Mexico City

I visited Mexico City the fall of 2015. I had just come back to Austin after traveling nonstop for a year. And within weeks of being back, I knew I had to go again. Travel is an addiction for me. 

One of my best friends, David, and I planned a trip to Mexico City. We stayed in a hostel. We spent our days eating tacos al pastor and cruising the city. Mexico City has a Central Park type area with museums and neue-bohemian book stores and coffee shops. I was in heaven. I’m so easily tricked by topiary, coffee, and pseudo-eco spaces in large cities. I am a millennial after all. The anthropology museum is great. While it is totally aesthetic, I am working to unpack the trauma and looting that probably went into the creation of that sterilized, magnificent place. 

My favorite place in Mexico was Xochimilco. It is an area of Mexico City with historic canals and artificial islands. Tourists ride in beautiful wooden gondolas along the lake. There is music, food, parties, and even strange folklore that accompany Xochimilco.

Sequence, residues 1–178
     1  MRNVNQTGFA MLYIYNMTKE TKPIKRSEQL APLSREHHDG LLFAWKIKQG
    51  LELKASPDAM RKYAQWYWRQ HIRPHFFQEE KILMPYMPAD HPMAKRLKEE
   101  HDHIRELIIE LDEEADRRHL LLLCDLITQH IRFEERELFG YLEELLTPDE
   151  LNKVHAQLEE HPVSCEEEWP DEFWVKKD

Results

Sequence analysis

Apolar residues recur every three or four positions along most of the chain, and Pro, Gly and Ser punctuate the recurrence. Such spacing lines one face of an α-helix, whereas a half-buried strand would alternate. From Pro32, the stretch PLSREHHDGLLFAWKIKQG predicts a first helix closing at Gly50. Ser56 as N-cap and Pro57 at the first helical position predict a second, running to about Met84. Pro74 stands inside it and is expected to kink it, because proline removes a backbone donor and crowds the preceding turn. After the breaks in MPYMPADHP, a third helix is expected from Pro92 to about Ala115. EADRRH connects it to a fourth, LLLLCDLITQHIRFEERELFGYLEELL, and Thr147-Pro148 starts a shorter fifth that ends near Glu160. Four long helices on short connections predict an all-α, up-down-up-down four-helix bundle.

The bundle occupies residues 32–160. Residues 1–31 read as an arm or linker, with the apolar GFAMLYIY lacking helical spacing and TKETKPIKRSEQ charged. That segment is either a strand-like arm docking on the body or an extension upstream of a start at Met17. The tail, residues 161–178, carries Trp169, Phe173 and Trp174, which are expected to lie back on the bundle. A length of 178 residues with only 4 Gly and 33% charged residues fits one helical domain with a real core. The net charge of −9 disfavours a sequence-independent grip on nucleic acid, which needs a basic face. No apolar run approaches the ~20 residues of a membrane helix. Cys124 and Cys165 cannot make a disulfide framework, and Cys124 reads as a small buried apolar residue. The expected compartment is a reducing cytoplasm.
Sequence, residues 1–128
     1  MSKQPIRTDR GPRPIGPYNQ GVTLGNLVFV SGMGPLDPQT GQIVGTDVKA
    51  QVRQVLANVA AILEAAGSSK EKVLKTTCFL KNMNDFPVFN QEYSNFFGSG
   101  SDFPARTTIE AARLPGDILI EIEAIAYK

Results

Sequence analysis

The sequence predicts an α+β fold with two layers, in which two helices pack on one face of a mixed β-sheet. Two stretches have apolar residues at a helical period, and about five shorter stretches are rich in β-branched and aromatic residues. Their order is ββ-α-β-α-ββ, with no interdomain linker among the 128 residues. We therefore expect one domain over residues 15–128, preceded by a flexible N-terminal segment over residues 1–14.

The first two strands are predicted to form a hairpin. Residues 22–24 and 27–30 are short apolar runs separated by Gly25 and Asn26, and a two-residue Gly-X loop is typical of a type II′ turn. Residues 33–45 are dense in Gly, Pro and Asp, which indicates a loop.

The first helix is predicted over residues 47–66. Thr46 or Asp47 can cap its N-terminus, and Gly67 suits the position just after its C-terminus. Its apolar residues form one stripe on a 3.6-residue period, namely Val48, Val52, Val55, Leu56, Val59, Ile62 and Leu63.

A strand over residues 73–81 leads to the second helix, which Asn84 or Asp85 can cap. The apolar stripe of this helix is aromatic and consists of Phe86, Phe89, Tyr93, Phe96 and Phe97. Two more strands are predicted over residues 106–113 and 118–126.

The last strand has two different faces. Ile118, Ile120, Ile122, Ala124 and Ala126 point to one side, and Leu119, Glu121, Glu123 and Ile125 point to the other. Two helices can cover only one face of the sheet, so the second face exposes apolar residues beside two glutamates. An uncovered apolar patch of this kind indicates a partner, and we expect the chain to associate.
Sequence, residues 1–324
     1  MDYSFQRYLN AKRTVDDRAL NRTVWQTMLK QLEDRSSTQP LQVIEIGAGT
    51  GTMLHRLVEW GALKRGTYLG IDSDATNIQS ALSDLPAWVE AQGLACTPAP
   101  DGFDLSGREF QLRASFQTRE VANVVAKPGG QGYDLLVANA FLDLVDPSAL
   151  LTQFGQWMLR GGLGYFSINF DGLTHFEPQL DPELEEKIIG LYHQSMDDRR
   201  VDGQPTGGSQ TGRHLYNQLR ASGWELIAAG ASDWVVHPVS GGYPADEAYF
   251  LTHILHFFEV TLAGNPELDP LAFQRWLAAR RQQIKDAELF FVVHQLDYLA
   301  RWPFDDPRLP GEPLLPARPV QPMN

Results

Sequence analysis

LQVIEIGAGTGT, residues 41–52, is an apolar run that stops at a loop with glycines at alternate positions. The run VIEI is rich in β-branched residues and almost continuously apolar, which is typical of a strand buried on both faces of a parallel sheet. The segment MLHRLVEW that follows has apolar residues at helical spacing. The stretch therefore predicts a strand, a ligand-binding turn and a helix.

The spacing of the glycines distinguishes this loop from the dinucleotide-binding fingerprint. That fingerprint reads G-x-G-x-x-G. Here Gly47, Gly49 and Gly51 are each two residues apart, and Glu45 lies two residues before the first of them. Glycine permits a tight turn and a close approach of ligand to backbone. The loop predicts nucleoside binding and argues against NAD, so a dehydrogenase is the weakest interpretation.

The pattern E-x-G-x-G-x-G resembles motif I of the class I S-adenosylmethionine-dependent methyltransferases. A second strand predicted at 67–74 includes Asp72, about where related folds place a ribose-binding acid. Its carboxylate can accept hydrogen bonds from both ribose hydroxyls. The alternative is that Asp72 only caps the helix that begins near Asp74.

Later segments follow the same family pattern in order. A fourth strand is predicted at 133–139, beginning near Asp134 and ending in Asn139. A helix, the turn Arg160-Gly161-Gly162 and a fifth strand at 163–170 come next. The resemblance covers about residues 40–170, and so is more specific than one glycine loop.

Another great place David and I went to was Plaza Girabaldi. It was just a few streets away from our hostel. Music played all night. I love taking it all in. I am especially fascinated with nighttime traditions around the world because I’m such an early sleeper. Mexico City is a truly city that never sleeps. Also, don’t you think street food tastes better at night?

While in Mexico City for a short time, we saw a few protests and marches. I don’t know if that was just a tumultuous time and as a traveler we get the privilege of not learning about it if we don’t want to. But it reinforced notions I had about Mexican Americans and Mexicans in general, that they frequently speak up and speak out in injustices. I feel that resisting is engrained in Mexican culture, and I admire it so much. One such protest we came across on the street involved over two hundred naked farmers, men and women, running down the street angrily. I think the uprising was about how farmers were being screwed over by the government, but I’m not sure. Suddenly, the anger, resentment, and everything else built up, gets absorbed by the city and onlookers. It’s a gut-wrenching feeling.